The programme consists of two phases. Phase-A last for 12 weeks plus a consolidation period of one month. At the end of phase-A, progress is assessed and the outcomes are discussed in a closing session (13th session). Additional therapy may be recommended according to individual needs and this is considered as the phase-B of the programme. If there is no need of further therapy, follow up sessions will be scheduled in 3, 6 and 12 months post therapy.
The programme consists of a Core Structure and several optional Modules which constitute the Modular Structure. Modules are distinct entities adjacent to the Core Structure that are activated from session 6 onwards. This adaptable modular structure provides the programme with the necessary flexibility to meet individual needs.
Therapy is goal directed & Solution Focused
Solution Focused Brief Therapy (SFBT) is the framework for problem free, solution focused talk in all sessions. SFBT questions are systematically used as the method of helping the child and the family to notice everyday instances of success and, based on their successful past, to move towards their preferred future: What they already do that it is helpful to make more of. Therapy is considered to be in the responses of the experts in stuttering experience, i.e. the child and her parents. The therapist takes the role of a facilitator, who facilitates therapy by formulating questions in order to elicit and amplify answers that activate the resources of the child and the child system.
Evidence based clinical practices
In Lexipontix we combined, theories and clinical practices that are commonly used and have been proved effective in Stuttering Therapy. There are 3 components in the programme PCI therapy, CBT, and Speech control (block modification and fluency shaping) which are the pillars of the programme. Beyond these pillars, it is the client and her system who drives therapy. It is everything that the child carries in her backpack.
Addressing the overall stuttering experience instead of “shrinking” pathology: the Formulation Chart
As a guide for data collection the programme uses the “Formulation Chart”. The formulation chart is an adaptation of the ICF model for the purposes of the Lexipontix program, based on Yaruss and Quesal (2004). During assessment phase, data collected are recorded in a blank formulation chart to keep a record of the child’s abilities and strengths as well as needs.
Specific informal assessment protocols for the assessment of “body functions” (that includes overt stuttering characteristics, oro-motor coordination, language, executive functions and temperament). We make use of specifically designed structured interviews for collecting information from parents and child. We also use formal assessments such as the OASES-S, CAT and Palin PRS, for data collection. Similar procedures are followed on the 12th week of the programme to monitor change.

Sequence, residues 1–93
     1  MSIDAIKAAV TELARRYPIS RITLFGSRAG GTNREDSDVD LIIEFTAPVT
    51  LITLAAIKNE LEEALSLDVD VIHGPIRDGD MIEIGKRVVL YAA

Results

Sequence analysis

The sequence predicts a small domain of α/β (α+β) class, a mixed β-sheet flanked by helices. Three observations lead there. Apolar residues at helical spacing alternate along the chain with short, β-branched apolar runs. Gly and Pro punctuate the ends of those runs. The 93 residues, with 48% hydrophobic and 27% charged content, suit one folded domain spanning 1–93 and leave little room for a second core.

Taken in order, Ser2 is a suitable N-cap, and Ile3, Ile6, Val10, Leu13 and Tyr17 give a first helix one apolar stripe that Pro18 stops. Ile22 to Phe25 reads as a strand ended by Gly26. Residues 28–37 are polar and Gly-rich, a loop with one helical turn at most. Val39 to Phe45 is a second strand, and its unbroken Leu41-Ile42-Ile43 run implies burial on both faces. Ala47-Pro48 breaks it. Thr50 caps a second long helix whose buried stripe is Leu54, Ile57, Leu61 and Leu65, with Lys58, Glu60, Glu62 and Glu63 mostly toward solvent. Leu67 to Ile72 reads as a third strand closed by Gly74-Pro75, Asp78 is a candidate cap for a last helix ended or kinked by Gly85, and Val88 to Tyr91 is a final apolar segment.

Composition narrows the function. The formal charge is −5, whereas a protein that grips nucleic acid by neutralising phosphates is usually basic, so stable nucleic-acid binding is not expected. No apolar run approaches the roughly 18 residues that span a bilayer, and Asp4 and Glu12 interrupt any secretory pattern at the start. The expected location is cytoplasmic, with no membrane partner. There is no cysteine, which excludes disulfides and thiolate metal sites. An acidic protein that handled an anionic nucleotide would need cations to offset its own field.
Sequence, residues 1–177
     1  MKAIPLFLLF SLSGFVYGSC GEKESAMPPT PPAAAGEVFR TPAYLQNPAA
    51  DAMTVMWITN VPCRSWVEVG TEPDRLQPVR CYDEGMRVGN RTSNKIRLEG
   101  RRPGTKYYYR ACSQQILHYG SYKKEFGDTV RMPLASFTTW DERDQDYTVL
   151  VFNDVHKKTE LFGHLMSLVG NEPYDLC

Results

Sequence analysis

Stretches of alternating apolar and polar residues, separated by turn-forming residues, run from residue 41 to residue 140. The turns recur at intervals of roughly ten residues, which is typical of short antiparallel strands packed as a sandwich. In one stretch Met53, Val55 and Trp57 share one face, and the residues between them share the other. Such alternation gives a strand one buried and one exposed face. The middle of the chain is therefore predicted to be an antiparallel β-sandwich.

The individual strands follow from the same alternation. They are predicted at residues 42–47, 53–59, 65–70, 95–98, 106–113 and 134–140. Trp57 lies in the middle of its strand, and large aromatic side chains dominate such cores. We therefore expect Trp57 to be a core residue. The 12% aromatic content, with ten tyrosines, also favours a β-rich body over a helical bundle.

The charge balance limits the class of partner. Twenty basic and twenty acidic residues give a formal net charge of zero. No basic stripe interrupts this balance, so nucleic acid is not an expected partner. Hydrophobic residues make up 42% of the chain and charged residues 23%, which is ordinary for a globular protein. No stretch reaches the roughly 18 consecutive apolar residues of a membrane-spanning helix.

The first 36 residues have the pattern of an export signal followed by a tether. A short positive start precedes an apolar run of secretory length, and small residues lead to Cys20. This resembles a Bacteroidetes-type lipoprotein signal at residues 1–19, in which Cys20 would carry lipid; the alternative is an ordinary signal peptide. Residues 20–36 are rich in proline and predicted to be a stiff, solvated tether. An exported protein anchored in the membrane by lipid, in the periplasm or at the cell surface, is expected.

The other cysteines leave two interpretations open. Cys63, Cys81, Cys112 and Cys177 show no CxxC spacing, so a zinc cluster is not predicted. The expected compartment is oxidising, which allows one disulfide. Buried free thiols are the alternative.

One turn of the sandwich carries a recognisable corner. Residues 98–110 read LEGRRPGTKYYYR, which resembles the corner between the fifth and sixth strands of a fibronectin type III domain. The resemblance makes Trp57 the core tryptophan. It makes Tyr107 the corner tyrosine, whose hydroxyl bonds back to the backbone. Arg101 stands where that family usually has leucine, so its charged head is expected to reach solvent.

The formulation chart gives the flexibility to the clinician to select his own assessment instruments as long as the boxes in the formulation chart are filled in, with the necessary information.
Therapy is fun: card-games, board-games & Alliance Missions
Kids and parents love treatment. Module board games, missions, experiments and allies give rise, role, progressive structure and motivation to the child to participate and achieve targeted change. Parents are strengthened assuming the role of the “ally” alongside their child.
Evidence on therapy effectiveness
There are two ways to consider therapy effectiveness of the Lexipontix Programme:
- Evidence based theoretical princliples and clinical practices
- The programme is based on evidenced based theories and clinical practices.
- The programme is using clinical practices to build therapeutic relationships, to trigger extratherapeutic factors and to empower the client to move towards his expectations and hopes.
- Efficacy research – two studies
- Effects of the Lexipontix programme on children’s overall stuttering experience. Fourlas, G. & Ntourou, K., (2020; 2021).
- Exploring parental perspectives, expectations, and experiences with Lexipontix. Fourlas, G., Ntourou, K., Spyridis, I., Batzifoti, V. (2021)
The manuals of the programme published in Greek Language, one for the assessment process and one for treatment, as well as the official training and supervision provided to therapists, ensure precision in the implementation of the programme. Both manuals are accompanied with the necessary material in an electronic form.